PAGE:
Maintaining a daily gratitude practice is perhaps the fastest, easiest, and cheapest means of cultivating happiness. But what happens when you feel a little burned out from the same old gratitude journaling? Or, what if you’ve never practiced gratitude? Where to begin?
If this sounds like you, here are 10 unique ways to reignite joy and contentment in your life.
1. Three Things Every Day
If you record each day’s events in a diary every night – or, if you’ve always wanted to keep a diary but felt overwhelmed as to where to start – write down three things that occurred that day for which you’re grateful.
This could be anything, for instance, enjoying the beautiful weather, avoiding traffic on the way home, taking the dog for a longer-than-usual walk). The ease, simplicity, and warmth you’ll receive from this exercise are unparalleled.
2. Gratitude A-Z
Can’t sleep? Mentally create a list from A to Z of items, people, and experiences you love. You’ll find a sense of calm that will quiet the mind, enabling you to find rest. If you find yourself at “Z” and are still awake, do a new list backwards.
3. A Portrait in Gratitude
Another insomnia hack is to think of someone or something you appreciate and all of the reasons and memories surrounding that person or thing. On more than one occasion, I’ve found this exercise to be helpful in shuttling my busy mind to sleep.
4. Gratitude Board
Like a vision board, a gratitude board reminds you in pictures of what people, places, things, and experiences create happiness in your life. Unlike a vision board, however, a gratitude board focuses on present abundance instead of future yearning. Head on over to Pinterest to create your own free board, and you may just find yourself going down the happiest of internet rabbit holes.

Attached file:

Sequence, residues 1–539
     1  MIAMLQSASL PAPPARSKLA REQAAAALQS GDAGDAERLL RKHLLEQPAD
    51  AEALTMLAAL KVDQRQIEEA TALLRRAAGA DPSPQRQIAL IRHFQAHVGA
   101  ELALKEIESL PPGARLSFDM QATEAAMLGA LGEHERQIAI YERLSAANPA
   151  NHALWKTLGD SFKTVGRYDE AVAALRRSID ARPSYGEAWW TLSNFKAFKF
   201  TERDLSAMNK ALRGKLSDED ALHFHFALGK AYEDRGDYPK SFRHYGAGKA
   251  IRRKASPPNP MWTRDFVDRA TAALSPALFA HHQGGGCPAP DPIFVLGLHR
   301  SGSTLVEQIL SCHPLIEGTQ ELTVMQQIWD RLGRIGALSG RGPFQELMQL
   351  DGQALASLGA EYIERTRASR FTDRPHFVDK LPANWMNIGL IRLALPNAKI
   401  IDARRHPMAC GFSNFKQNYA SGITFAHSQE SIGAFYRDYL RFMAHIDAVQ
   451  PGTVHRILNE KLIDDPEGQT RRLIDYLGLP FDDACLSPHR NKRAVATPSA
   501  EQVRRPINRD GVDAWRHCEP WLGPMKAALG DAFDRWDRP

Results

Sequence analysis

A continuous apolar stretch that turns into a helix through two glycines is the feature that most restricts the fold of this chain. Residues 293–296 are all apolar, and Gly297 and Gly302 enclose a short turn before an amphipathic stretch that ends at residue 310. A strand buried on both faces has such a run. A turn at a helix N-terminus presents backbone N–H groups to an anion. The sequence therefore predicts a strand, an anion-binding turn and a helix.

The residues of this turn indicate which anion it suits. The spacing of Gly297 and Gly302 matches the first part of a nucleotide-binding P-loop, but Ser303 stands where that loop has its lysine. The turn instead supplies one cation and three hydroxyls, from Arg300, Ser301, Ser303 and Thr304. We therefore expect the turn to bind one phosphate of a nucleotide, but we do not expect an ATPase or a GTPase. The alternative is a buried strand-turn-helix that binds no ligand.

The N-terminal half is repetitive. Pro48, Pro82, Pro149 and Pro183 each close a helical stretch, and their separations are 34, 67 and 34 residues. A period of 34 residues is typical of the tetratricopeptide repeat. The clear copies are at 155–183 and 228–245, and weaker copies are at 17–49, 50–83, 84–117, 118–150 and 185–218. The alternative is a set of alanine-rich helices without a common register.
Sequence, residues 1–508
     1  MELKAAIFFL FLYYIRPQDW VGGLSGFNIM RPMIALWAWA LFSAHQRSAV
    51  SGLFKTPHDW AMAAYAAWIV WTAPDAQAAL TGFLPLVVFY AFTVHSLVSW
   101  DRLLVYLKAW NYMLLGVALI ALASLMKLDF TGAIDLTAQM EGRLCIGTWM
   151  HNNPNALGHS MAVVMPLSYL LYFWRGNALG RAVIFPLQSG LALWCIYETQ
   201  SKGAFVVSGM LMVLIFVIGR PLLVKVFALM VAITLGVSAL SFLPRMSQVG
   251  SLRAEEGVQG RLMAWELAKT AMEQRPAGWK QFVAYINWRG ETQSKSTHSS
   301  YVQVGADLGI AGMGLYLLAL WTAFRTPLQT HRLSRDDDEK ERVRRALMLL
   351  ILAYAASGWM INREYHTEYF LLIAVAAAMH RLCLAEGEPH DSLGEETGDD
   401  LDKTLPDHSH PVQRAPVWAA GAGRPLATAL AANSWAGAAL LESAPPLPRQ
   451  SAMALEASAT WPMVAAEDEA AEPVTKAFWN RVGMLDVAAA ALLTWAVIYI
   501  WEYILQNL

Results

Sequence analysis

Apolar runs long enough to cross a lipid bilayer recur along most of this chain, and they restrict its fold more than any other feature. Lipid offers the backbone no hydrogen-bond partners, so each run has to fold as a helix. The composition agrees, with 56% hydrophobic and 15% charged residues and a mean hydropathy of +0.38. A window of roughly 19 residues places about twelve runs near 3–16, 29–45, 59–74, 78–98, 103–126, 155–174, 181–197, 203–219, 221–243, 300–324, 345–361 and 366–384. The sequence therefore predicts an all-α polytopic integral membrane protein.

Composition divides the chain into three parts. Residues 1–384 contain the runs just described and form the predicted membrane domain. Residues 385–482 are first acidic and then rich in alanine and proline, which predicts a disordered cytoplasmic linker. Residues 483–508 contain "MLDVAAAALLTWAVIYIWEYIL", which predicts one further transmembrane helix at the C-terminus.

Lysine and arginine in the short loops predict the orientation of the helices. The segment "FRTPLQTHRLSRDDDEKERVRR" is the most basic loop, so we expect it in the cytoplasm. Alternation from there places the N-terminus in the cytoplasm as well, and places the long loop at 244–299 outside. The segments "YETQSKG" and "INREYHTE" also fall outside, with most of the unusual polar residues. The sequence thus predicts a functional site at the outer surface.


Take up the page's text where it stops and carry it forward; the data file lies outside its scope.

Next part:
5. Reverse Bucket List
It’s become common to assign cool, yet-to-be-had experiences to our bucket lists, but what about the things we’ve already accomplished? To remember those gems, write out a “reverse bucket list” to enhance your sense of satisfaction with things already done.
6. Gratitude Turnarounds
If you find negativity piling high like a snowdrift this holiday season, take a pen and paper and draw a line down the middle of the page. On the left side, create a numbered list of all the things that are bothering you in the moment.
For instance, 1) My sister hasn’t called me back yet; 2) My boss micromanages me, etc. On the right side, turn each one around to see if you can see each complaint in a positive light. For instance, 1) I have a healthy sister who loves me, 2) I have a job that pays the bills, etc. Doing this will retrain your brain to see the positive and, who knows, perhaps allow you to find elements in each situation that serve, not harm.
7. Eyes Wide Shut in Gratitude
Stressed out? Close your eyes. Picture the space around you and see how many things you can see in your mind’s eye for which you’re grateful. This could be anything (in fact, the more mundane, the better). Then, think about what your life would be like without those things (hello, internet and Wi-Fi?). Open your eyes and take a moment to appreciate everything as it is.
8. Five Senses of Gratitude
Close your eyes, and see if you can identify the current sight, sound, taste, texture, and smell in this moment and go further to explore your appreciation of each sensation. This is a great exercise to do if you find yourself in an out-of-the-ordinary location feeling stressed.
9. The Gratitude Game
Best played in a group, this game starts with the first person mentioning something for which they are grateful. for example, “family time.” The next person jumps in, takes the last letter of that item – “e” in this case – and comes up with something they appreciate, for example, “Eggs, sunny side up.” Nothing can be repeated, and the game becomes super interesting when someone must come up with words starting with q, x, and z.
10. Give Compliments Freely
A heart filled with gratitude overflows. Appreciate the people around you, especially service workers, with genuine compliments, and you’ll feel that you, too, have been praised.
Whether you do one or all of these exercises, you’ll cultivate a greater appreciation for the little things and find that the little things are, in fact, the big things.